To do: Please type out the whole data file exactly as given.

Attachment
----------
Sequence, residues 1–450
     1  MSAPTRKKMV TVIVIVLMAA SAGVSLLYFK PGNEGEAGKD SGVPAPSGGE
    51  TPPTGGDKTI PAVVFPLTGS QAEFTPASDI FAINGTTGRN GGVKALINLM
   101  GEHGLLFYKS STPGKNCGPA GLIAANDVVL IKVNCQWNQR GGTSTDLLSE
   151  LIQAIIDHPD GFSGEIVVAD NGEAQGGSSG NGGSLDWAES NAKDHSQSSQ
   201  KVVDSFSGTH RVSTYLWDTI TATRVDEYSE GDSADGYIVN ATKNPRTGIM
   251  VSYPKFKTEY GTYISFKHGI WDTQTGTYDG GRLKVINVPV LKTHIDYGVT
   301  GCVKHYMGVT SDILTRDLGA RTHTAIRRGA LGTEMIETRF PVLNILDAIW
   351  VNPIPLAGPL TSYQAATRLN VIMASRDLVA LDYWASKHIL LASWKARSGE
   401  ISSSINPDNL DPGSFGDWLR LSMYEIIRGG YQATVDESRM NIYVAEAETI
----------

Sequence, residues 1–450
     1  MSAPTRKKMV TVIVIVLMAA SAGVSLLYFK PGNEGEAGKD SGVPAPSGGE
    51  TPPTGGDKTI PAVVFPLTGS QAEFTPASDI FAINGTTGRN GGVKALINLM
   101  GEHGLLFYKS STPGKNCGPA GLIAANDVVL IKVNCQWNQR GGTSTDLLSE
   151  LIQAIIDHPD GFSGEIVVAD NGEAQGGSSG NGGSLDWAES NAKDHSQSSQ
   201  KVVDSFSGTH RVSTYLWDTI TATRVDEYSE GDSADGYIVN ATKNPRTGIM
   251  VSYPKFKTEY GTYISFKHGI WDTQTGTYDG GRLKVINVPV LKTHIDYGVT
   301  GCVKHYMGVT SDILTRDLGA RTHTAIRRGA LGTEMIETRF PVLNILDAIW
   351  VNPIPLAGPL TSYQAATRLN VIMASRDLVA LDYWASKHIL LASWKARSGE
   401  ISSSINPDNL DPGSFGDWLR LSMYEIIRGG YQATVDESRM NIYVAEAETI